The natural decline in the reservoir energy will impact the flowrate of oil, gas or water, thereby creating instabilities and resulting in decreased production. Artificial lift is used in oil-dominated or liquid-loaded gas systems to increase and stabilize hydrocarbon production, as well as to minimize flow assurance and operational risks, such as slugging in the subsea production system. Artificial lift methods transfer energy to the produced fluid with the objectives of reducing the fluid density and the pressure head or boosting the flowing pressure.
This GATEKEEPER discusses an effective subsea tree PWV (USV) leak test method. The test can be done quickly – entire test time is about 15 minutes, including the 5 minute monitoring time. More importantly, the test gives repeatable, unambiguous results that are easy to interpret and it can be done easily during any well shutdown.
The increased use of dynamic risers as an enabling technology for the movement of the oil and gas industry into the deepwater basins of the world has presented new technical challenges related to the prevention of corrosion failures and other forms of degradation. This has been particularly evident when considering production from the next generation of high pressure/ high temperature (HP/HT) subsea developments in locations such as the Lower Tertiary trend in the Gulf of Mexico. In order to avoid potential riser failures or replacement campaigns for anticipated service lives that may extend to 30 years or more, process facility components such as risers and flowline systems must now be subjected to more enhanced integrity monitoring through the whole of their service life.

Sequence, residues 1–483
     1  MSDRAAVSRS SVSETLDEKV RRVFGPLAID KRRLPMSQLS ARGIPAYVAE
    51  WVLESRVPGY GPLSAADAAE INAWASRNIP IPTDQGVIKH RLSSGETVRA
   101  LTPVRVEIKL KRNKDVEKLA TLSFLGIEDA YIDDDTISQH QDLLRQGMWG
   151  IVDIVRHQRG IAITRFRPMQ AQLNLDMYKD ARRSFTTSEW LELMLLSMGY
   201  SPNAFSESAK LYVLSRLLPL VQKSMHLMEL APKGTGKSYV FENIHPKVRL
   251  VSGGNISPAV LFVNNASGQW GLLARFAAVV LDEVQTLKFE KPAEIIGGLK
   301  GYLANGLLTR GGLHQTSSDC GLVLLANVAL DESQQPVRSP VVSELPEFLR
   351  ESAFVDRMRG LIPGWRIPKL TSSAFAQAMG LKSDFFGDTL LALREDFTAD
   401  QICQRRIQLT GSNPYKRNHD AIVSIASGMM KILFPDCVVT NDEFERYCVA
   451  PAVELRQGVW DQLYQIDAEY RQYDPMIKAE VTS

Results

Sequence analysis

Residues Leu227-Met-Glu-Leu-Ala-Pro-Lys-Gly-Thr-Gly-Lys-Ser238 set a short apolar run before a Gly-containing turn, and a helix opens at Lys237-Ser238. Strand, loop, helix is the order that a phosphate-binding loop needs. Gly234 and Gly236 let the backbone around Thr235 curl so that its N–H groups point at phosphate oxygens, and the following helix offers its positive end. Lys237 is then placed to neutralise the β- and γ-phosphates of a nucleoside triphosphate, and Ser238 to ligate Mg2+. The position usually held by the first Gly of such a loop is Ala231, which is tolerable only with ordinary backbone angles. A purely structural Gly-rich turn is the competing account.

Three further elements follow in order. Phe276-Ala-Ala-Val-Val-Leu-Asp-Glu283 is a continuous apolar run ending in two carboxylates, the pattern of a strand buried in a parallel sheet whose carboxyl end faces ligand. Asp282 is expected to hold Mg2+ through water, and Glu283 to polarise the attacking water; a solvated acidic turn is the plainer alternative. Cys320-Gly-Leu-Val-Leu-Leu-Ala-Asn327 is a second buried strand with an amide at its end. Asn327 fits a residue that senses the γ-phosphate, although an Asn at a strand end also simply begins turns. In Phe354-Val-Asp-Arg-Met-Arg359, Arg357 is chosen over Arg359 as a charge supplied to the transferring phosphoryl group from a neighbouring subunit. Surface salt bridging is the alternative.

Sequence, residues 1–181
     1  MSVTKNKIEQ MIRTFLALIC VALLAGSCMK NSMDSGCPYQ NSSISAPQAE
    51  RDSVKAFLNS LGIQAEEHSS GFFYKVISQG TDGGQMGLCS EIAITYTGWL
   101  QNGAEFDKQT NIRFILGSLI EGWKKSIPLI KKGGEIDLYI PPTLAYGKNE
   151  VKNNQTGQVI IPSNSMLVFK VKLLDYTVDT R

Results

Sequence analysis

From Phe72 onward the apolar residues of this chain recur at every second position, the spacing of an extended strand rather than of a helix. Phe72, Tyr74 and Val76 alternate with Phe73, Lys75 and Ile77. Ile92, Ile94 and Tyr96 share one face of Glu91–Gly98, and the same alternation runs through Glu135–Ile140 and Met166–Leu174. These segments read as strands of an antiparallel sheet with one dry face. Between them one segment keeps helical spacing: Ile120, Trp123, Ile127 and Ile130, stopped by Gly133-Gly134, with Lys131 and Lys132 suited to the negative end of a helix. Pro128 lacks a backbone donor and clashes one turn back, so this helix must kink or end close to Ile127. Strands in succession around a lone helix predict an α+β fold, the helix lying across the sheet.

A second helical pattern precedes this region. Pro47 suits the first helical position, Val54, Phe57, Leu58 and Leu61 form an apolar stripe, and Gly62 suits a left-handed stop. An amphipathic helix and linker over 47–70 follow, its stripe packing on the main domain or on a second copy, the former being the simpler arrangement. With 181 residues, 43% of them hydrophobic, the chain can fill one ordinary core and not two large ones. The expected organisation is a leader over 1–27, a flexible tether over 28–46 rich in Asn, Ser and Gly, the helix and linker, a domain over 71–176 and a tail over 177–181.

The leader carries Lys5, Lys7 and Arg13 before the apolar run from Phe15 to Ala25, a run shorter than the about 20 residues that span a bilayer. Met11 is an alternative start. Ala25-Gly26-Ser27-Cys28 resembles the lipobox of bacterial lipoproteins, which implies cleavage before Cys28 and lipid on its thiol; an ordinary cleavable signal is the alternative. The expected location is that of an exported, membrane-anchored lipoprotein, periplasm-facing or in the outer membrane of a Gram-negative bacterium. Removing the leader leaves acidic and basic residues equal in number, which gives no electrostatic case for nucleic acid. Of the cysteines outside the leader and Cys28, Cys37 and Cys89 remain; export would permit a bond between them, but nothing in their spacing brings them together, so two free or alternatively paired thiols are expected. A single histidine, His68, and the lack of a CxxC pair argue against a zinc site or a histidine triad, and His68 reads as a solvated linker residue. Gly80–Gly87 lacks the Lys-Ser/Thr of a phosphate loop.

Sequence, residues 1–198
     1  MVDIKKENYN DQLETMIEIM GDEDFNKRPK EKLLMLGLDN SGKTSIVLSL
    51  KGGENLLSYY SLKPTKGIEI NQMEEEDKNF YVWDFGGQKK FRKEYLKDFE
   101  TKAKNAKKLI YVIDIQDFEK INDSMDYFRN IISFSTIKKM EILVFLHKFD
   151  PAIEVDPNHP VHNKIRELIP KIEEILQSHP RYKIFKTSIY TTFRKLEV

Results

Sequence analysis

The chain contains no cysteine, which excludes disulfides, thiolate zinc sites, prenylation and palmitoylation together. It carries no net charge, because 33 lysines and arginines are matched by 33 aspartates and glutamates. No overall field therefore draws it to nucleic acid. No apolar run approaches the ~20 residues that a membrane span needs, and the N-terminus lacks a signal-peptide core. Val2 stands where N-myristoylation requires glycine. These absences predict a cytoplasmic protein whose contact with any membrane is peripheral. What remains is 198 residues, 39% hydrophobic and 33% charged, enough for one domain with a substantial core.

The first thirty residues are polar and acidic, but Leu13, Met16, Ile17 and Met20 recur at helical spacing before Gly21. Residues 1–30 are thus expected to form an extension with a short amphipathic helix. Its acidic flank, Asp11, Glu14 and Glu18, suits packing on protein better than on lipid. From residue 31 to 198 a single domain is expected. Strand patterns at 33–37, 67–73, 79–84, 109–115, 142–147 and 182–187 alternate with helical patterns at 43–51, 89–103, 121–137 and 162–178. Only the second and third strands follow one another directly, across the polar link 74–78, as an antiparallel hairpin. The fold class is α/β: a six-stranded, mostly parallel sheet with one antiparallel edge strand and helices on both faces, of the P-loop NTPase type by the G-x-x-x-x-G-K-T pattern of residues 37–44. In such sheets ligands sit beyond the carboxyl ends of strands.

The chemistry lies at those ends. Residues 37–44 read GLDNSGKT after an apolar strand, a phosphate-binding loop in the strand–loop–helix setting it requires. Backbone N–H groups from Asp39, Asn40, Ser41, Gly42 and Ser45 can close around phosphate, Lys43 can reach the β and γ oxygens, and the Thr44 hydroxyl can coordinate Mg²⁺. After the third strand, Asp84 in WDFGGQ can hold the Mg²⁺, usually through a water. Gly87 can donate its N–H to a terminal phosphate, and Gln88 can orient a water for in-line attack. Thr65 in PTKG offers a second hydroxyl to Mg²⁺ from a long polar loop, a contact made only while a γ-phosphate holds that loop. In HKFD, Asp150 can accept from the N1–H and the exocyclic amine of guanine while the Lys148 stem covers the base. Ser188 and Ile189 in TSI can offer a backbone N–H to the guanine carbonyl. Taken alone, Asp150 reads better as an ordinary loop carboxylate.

Utilized in a number of configurations, a riser presents the operator with a conduit that serves as the main method of hydrocarbon transport from the ocean floor to the host facility as well as a method of external media introduction such as chemical and water injection. Considering the large number of applications that risers have, as well as the dynamic environment associated with subsea oil and gas exploration, it comes as no surprise that the down selection of various riser designs can be a complex process requiring extensive knowledge of each riser style. To aid in this design process, a number of standards have been developed to ensure safe practices throughout design and installation. Such standards and recommended practices can be seen in API RP 2RD, API RP 1111, ASME B31.4 and ASME B31.8 which should be utilized to keep safety at the forefront of the design.
Introduction Wells can be organized into three primary categories: production, injection, and conversion/turn-around. Material selection must be tailored to each well type, as each offers unique challenges from a materials performance perspective.
Tubing and casing are critical to the production of oil and gas and well integrity. Reservoir fluids flowing through the production tubing are often corrosive, making necessary the use of corrosion resistant alloys (CRA) offshore.
Subsea Integrity Management is defined as the management of a subsea system or asset to ensure that it delivers the design requirements while not adversely affecting life or the health of the environment throughout the required life of the field¹.
Operators and chemical vendors responsible for chemical delivery to subsea developments are aware that the use of chemicals with unacceptable solids loadings can result in the plugging of injection lines, subsea metering systems, subsea connectors, and downhole injection locations. However, there is relatively little agreement across the industry regarding the exact chemical cleanliness specifications that need to be applied.
For most offshore facilities and subsea components such as trees and manifolds, carbon steel is a common material of construction. Effective external corrosion control is essential for the longevity and safe operation of these components.
For long-term external corrosion protection of subsea steel components, cathodic protection (CP) along with corrosion coatings are commonly used. As the offshore environment moves into deeper waters, the cost of interventions subsequently increases. Therefore, the engineer is challenged with balancing a highly reliable CP system, sometimes achieved with excess anode mass, with CAPEX and weight restrictions. The optimal CP system will need to minimize weight and cost and maximize reliability.